Meanwhile, I will admit that, apart from his intelligence, the Professor offers nothing to inspire devotion in a slave. He is bald, short, dumpy and impotent. He too is selfish, and genuinely cruel, caring nothing for the welfare or happiness of his subs. Worst of all, he is disgustingly mercenary. His beautiful slaves are nothing but his meal tickets. Meanwhile, he uses the lure of money to enslave them.

For the most part, I found the “sex” scenes in Broken completely unarousing. Certainly, Jessica is never aroused. She is nothing but a body to be beaten, pierced, bound, whipped, raped. She knows this as well as her partners do. Her primary desire is to get through the scene somehow, avoiding pain as much as possible. She and her tormenters share nothing, no connection, no understanding, no sympathy.

This changes toward the end of the book, as Jessica recognizes her sadistic tendencies and acquires her own slave in Dora. At this point, some sparks fly, precisely because Dora has willingly and lovingly submitted to Jessica. Even Jessica melts a bit when confronted by such perfect devotion. Alas, at this point, the damage was done, at least for this reader. I shook my head as I watched Jessica turn into a Domme just as money-hungry and superficial as her former master.

I may be naive, but I felt that this book violated some of the core tenets of the BDSM lifestyle. Jessica’s enslavement stretches the meaning of consensuality nearly to breaking.  Yes, Jessica agrees to become the Professor’s slave, but her submission is borne of desperation. Furthermore, it is not genuine. She shames the collar that she wears by cheating her master.

Not that the Professor deserves her devotion or respect, of course. In fact, he is nothing but a well-educated pimp.

I will admit that there were one or two scenes in this book that engendered a kind of queasy excitement, despite the novel’s emotional sterility. Two and a half pages devoted to needle play had me squirming and wondering whether I would, could, endure that, at my master’s hands. I had strange dreams afterwards. For Jessica though, this was not a test of submission, not a peak experience, not a pushing of limits. It was merely one more thing to be gotten through, for the sake of the money.

Broken left me feeling cheated and depressed, hoping that it was not, in fact, an accurate picture of the BDSM lifestyle that so fascinates me.



DommemoirDommemoir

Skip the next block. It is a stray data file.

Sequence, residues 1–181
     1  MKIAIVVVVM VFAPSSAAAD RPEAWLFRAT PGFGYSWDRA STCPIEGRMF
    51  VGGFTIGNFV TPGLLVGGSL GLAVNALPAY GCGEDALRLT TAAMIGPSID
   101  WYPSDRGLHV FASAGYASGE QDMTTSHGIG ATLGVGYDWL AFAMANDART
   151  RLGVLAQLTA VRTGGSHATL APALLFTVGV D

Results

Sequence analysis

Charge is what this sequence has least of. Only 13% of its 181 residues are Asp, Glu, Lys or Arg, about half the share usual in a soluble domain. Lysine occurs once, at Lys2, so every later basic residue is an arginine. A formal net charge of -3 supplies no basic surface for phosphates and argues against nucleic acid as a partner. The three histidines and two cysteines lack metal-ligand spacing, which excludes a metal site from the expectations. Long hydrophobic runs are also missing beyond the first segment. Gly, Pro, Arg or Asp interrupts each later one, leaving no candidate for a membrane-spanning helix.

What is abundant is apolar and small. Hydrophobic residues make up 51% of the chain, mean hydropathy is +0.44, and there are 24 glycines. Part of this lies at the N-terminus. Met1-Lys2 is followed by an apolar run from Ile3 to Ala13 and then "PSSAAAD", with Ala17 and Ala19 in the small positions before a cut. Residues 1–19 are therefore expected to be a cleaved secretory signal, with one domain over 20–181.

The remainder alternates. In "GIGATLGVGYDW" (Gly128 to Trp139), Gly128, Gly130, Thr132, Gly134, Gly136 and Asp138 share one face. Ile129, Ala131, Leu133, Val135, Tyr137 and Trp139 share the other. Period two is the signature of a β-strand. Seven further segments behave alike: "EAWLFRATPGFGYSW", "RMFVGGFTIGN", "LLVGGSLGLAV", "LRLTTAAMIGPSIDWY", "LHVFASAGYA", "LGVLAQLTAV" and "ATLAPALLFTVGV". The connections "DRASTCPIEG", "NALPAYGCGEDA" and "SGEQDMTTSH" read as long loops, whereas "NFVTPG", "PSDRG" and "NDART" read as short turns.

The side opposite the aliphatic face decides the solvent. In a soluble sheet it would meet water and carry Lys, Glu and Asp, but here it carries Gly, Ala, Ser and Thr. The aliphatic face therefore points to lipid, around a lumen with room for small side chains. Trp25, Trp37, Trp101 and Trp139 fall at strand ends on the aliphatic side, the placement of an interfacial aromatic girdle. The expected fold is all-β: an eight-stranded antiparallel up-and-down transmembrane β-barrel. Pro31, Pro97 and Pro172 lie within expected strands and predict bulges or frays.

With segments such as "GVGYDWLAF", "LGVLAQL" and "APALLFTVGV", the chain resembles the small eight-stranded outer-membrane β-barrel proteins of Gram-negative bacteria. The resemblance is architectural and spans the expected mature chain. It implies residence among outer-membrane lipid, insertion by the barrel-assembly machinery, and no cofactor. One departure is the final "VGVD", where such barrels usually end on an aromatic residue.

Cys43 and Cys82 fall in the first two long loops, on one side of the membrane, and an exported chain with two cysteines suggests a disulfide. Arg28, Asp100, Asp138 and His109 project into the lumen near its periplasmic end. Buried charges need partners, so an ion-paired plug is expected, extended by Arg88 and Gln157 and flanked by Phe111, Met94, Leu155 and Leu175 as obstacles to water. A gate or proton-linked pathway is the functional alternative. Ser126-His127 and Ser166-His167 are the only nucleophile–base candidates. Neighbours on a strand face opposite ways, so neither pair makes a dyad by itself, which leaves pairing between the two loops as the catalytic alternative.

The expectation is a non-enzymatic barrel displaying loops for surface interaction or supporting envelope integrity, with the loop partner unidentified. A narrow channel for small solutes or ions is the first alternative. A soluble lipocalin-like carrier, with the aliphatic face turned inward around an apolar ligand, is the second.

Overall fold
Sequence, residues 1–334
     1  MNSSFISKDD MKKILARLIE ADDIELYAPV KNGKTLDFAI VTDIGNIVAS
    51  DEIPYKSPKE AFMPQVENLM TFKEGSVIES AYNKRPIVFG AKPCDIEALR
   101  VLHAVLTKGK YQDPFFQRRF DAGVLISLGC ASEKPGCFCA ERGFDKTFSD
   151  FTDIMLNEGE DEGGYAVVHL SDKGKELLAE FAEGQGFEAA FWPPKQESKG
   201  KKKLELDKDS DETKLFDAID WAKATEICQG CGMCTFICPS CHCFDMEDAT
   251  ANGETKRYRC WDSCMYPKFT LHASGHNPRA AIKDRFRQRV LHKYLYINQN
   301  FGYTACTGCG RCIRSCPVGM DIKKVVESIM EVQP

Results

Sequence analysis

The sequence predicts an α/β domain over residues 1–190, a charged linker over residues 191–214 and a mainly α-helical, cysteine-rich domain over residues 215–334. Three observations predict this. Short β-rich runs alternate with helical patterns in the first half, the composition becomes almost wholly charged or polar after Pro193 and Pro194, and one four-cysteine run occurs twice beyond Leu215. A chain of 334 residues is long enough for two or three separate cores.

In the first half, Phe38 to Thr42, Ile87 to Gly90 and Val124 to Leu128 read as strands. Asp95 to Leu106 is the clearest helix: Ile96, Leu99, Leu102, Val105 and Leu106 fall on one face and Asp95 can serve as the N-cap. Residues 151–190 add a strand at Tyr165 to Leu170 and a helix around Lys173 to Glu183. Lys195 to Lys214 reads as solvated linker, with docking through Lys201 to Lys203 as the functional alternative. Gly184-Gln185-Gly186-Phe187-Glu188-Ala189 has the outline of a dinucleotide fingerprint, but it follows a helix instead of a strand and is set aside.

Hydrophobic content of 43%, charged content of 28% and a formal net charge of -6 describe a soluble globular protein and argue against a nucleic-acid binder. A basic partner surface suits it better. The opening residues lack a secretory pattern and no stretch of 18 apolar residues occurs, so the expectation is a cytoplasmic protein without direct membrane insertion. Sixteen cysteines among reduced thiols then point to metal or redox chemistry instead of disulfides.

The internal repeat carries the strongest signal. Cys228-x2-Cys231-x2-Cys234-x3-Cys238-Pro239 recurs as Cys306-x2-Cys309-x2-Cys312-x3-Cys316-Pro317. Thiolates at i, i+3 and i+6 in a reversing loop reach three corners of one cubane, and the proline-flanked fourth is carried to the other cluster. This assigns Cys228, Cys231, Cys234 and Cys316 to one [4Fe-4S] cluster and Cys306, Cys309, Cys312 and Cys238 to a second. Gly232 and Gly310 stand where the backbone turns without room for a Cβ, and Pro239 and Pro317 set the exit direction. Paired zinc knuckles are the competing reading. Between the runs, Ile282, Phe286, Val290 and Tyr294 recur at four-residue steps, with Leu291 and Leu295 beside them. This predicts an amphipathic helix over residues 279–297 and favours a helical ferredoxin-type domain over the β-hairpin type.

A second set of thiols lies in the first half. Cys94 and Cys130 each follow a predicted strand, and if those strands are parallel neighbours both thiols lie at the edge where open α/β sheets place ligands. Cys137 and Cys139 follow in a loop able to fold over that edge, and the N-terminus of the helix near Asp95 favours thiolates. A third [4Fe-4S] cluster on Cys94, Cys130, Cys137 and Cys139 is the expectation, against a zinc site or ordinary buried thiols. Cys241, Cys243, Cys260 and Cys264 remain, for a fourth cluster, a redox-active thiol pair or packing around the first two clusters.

By: I. G. Frederick
Fanny Press
ISBN: 1603814183
August 2009





Reviewed By: Steven Hart

Of late I have had the pleasure of reading several excellent books for Erotica Revealed. They showed insight about the possible meaning of sex and eroticism as well as a measure of literary invention, unique style and structural grace.  Dommemoir by I. G. Frederick is not one of them. 

Dommemoir is a fictional autobiography of a dominatrix interlaced in equal parts with that of her slaves.  The title itself is a clumsy construction in the mouth and a curious butchery of the French words from which it is cobbled. This structure of the book we presume is adopted to give us both ends of the lash, a convention that has been observed many times before.  The narrative leapfrogs back and forth through their evolution from farm team flagellants to their ascendancy to becoming one of the great dommes of Greater New York; and her slave, respectively.  This is Trumplike hyper-consumerism in the book’s effort to be trendy. An endless colloquy of details about branding the slaves supplements the plot.

If these amphibious leaps of focus from chapter to chapter were not annoying enough, we also get bulletins on her problems in acquiring suitably advantageous real estate deals in a bubble market.  Her narrating slave by contrast has the dour tone of Lurch, but lacks his sense of comic irony entirely.  He will lick anything he is told to lick but always with the same sense of unhygienic gloom.  No one here is having much fun sexually or otherwise, including the reader.

The entire work has a petit bourjeois air about it as of someone trying to look couture while shopping at Target.  The domme’s roots tend to show. As a headline it would read, ”Kinky Long Island Housewife Tells All.  Bear Market Buttocks Tremble!” or on TV, “The Real North Shore Housewives of Kink.”  That would be fine if the book had the deftness of camp, but it takes itself with the deadly earnestness of a community college creative writing class. The domme for lack of style comes off as a self-indulgent slob.

The simplest way to illustrate that is to quote Frederick who writes, “Lady threw back her head and laughed, reminding me of chimes tinkling together on a windy day. Kitty giggled. I just knelt in front of them, my hands trembling.”  No wonder the poor fellow is trembling.  He has spent quite some time licking pussy only to find himself surrounded by a roomful of hoary cliché’s.  The worst of these bromides is a woman who “throws back her head.”

Think about that image.  Either it is some sort of cornball gesticulation left over from the silent screen, or it is an activity best left to Ann Boleyn after the axe has fallen.  Ladies whose laughter reminds one of “chimes on a windy day” have some sort of throat disorder if you ask me.  Kitty quite rightly giggles at all this hammy stuff though it seems likely to cost her bottom some abuse; and the orally gifted slave?  He just sits there with his hands trembling?  Hands trembling?  Why? Is this some sort of cunnilingually induced palsy?

The book appears not to have been edited, as it is full of clumsy sentence structure and fumbled word choice.  The characters have no affective connection other than their sexual rituals and self-indulgent obsessions.  Fanny Press bills itself as “Erotica with an Edge!” but reading Dommemoir is a desultory chore.